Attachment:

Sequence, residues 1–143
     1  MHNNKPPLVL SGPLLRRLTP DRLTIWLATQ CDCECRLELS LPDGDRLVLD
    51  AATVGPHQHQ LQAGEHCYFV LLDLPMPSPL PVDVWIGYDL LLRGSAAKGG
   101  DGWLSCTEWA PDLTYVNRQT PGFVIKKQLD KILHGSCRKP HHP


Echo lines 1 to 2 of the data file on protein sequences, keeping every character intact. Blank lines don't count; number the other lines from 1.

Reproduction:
Sequence, residues 1–143
     1  MHNNKPPLVL SGPLLRRLTP DRLTIWLATQ CDCECRLELS LPDGDRLVLD